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Immersive Reader: A powerful tool to support schoolwide literacy

Imagine an instructional partner who could act as: a lifeline for students and parents for whom English is not a first language a friendly support system for your emerging readers and your students with learning differences a coach who presents the availability of individual reading environment choices and encourages independence a collaborator who amplifies the […]

ALA highlights: What I saw and what I missed (Banquets not included)

This started as a post and got completely out of hand. It made far more sense to recap ALA 2019 Annual Conference using a social media approach. So here’s a Wakelet offering my personal highlights both of the events I had the privilege to attend in the brief time I had before ISTE as well […]

ISTE Librarians’ Takeaways (Crowdsourced) Updated

ISTE both thrills and overwhelms me. However carefully I plan my choices, each year I am plagued by FOMO. This year, with the help of ISTE Librarians Network President Nikki Robertson, I asked our colleagues who attended the Network Breakfast to help us all out by sharing their biggest takeaways. First, know that the folks […]

Flipgrid: Exciting updates from ISTE

Every 45 seconds of every minute of the 2018/2019 school year, a new educator signed up for Flipgrid. During the past school year, kids shared 24 billion seconds of Flipgrid video. The student voice and video discussion tool is currently used in 180 countries by millions of students, educators, and families. Earlier this week at […]

Guardians of History: Britannica’s new choice-driven historical adventures

“When problems occur in history, we send you back in time to make sure history happens the way it is supposed to,” says Professor Wolf of Britannica’s new Guardians of History. Your voice launches the immersive audio adventure that is one part Oregon Trail, one part Back to the Future, one part Choose Your Own […]

Isn’t it time to stop Wikipedia shaming?

I am currently working on a research project with partners from the University of Florida and OCLC. Researching Students’ Information Choices (RSIC), our IMLS-funded study, uses simulated Google result lists to examine what happens when student researchers make real-time search engine result page decisions. I thought I’d share some of our preliminary findings. This post […]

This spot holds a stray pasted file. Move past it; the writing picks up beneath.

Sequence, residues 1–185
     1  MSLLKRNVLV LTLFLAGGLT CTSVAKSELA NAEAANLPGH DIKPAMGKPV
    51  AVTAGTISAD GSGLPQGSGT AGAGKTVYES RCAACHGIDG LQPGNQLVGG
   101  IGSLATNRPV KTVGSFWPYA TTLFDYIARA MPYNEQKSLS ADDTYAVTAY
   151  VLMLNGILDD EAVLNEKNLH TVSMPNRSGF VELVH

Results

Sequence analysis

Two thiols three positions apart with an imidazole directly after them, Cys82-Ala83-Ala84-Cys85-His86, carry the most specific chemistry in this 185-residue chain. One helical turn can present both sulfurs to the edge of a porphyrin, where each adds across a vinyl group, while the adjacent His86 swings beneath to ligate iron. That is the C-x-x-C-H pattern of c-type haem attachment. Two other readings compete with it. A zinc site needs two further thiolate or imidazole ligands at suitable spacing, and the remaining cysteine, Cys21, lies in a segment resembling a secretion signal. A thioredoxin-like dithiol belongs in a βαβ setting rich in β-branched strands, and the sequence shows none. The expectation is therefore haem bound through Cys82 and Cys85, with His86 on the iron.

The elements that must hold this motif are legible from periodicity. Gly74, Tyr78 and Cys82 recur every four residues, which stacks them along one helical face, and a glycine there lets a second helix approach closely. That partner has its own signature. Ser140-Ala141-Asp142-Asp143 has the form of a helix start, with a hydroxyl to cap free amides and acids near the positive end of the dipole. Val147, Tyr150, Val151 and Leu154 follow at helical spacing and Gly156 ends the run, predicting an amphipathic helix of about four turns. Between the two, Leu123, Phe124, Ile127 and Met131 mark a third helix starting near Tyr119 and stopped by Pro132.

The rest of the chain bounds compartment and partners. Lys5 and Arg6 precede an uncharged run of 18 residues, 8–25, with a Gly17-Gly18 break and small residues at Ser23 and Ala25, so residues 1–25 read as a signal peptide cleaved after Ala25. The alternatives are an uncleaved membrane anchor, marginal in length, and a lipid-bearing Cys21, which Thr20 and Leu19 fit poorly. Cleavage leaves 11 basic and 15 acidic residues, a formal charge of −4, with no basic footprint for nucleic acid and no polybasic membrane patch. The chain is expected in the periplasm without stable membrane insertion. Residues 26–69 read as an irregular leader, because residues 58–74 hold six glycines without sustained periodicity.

Four Moves and a Habit to share with your middle and high school learners

I’ve never been a fan of evaluation checklists. They require serious cognitive lift, perhaps more lift than some content actually deserves. I am a big fan of what Mike Caufield calls moves, some sticky strategies we can all use to get closer to the truth. Caufield, of Washington State University Vancouver, leads the Digital Polarization […]

I’m your neighbor: A genre of empathy and inclusion

Is it time to welcome a new genre to our children’s and young adult collections? Kirsten Cappy thinks so. The co-founder and director of I’m Your Neighbor, leads a project highlighting the lives of New Arrivals and New Americans through the sharing of children’s literature. At the MASL Conference in Augusta, Maine last week, I […]

A new framework to guide OER curation leadership

Curation is one of our Shared Foundations. It is also identified as a leadership area on the Future Ready Librarians Framework. But what does it look like when the school librarian really dives into digital curation? And what does it look like when the librarian, armed with a rich OER toolkit, regularly curates urgently needed, […]

Building beautiful book bentos

My friend Jennifer LaGarde (@jenniferlagarde) recently introduced me, and our Young Adults Reading and Literacy students at Rutgers, to the idea of Book Bentos. Highly visual, creative and interactive the book bento strategy invites book lovers to create, hyperlink and share book titles in an artfully arranged interactive collage. I asked Jennifer to fill me […]